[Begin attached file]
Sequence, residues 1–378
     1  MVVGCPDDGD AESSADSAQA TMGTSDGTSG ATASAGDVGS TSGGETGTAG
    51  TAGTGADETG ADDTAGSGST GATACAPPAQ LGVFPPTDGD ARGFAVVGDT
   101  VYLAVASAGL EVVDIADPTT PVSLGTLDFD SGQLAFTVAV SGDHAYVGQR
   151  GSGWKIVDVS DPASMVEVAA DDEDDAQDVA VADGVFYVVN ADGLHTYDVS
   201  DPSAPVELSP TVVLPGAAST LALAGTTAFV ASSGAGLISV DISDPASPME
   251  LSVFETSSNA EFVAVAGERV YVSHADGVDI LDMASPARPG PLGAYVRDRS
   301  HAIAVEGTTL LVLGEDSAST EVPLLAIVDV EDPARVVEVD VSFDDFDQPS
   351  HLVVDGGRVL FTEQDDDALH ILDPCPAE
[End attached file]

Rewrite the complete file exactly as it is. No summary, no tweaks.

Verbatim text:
Sequence, residues 1–378
     1  MVVGCPDDGD AESSADSAQA TMGTSDGTSG ATASAGDVGS TSGGETGTAG
    51  TAGTGADETG ADDTAGSGST GATACAPPAQ LGVFPPTDGD ARGFAVVGDT
   101  VYLAVASAGL EVVDIADPTT PVSLGTLDFD SGQLAFTVAV SGDHAYVGQR
   151  GSGWKIVDVS DPASMVEVAA DDEDDAQDVA VADGVFYVVN ADGLHTYDVS
   201  DPSAPVELSP TVVLPGAAST LALAGTTAFV ASSGAGLISV DISDPASPME
   251  LSVFETSSNA EFVAVAGERV YVSHADGVDI LDMASPARPG PLGAYVRDRS
   301  HAIAVEGTTL LVLGEDSAST EVPLLAIVDV EDPARVVEVD VSFDDFDQPS
   351  HLVVDGGRVL FTEQDDDALH ILDPCPAE